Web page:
So before I got all into this Paleo stuff, I had never heard of bone broth before. It honestly sounded terrifying to me and I didn’t really plan on trying it any time soon… until I read about the awesome health benefits it yields and how easy it actually is to make on your own. Rendering your own broth ensures that you know exactly what goes into it, where the bones came from, and how it’s flavored. Plus, it reduces waste by using more parts of the animal. A few fun facts about why you should drink bone broth:
– Bones contain collagen, the most abundant protein in the human body. You may have heard about it before in reference to beauty products of some kind, because it definitely has that effect – collagen intake has been linked to healthier skin, hair, nails, and reduced wrinkles. It is also the most abundant protein in the joints, so it supports their health as well.
– Gelatin, another compound found in bones, is leeched into the broth and promotes joint health.
– Minerals that are often hard to pack into your diet every single day are found in significant quantities in bones. These include calcium, phosphorus, and magnesium.
– Bone broth has been linked to improved digestion and reduced bloating.
All these reasons and more are a good excuse to try making some of your own bone broth ASAP. So let’s get started!
What you need
A large slow-cooker/crockpot and lid
Bones that can fit in said crockpot
Any spare veggies you want to throw in for flavor (I recommend at least using some onions)
Enough water to cover the bones
1. Try to clean off the meat from the bones as well as possible. It’s completely fine if there is some left; I actually like having a bit on them because it helps with the flavor that much more. But you don’t want to throw a full chicken in the crockpot, either.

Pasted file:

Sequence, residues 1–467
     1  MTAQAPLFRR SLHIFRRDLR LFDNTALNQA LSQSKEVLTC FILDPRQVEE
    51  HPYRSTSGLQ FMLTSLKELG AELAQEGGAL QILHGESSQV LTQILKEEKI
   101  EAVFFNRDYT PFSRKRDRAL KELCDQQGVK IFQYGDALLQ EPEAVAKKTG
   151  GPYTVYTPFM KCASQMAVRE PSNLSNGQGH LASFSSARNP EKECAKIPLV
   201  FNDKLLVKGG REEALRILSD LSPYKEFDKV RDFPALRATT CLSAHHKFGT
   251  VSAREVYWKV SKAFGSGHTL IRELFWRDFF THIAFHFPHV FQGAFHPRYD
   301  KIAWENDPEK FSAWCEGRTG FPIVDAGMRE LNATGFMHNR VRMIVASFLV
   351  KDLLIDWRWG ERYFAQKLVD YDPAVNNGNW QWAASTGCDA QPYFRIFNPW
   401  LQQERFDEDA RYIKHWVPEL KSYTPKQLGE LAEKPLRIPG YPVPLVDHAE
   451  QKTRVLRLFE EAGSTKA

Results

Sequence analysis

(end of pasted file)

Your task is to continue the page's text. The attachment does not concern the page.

2. Place the bones in the crockpot, along with any veggies you’re including, and fill it up with water so that the bones are covered.
3. Turn the crockpot on low, and let the broth sit and brew for at least 24 hours. This is when the nutrients from the bones will have leached out into the water quite a bit.
4. You can leave the broth on for longer, too. The longer you let it sit, the more good stuff gets pulled from the bones. The bones will disintegrate, though, if kept in the crockpot for too long, so try not to leave the same batch in there for more than a week.
5. When you’re ready to serve or store it, strain the bones and veggies out and save the broth. Those nutrients I keep talking about are all now in the liquid that tastes great by itself, but can also make a mean base for a soup or stew. Try drinking a bit of this every day and reap the benefits!
*Note: I use venison bones a lot because I save them after I go hunting. This yields a darker stew than, say, chicken bones. Whichever type you decide to use, make sure they are from an animal that was humanely raised and grass-fed, otherwise the benefits aren’t as great. Many butchers and farmers will sell bones to you for VERY CHEAP – all you have to do is ask. I have also heard rumors that Whole Foods sells some grass-fed bones specifically for broth purposes, so that is worth a check if a farmer’s market is less accessible.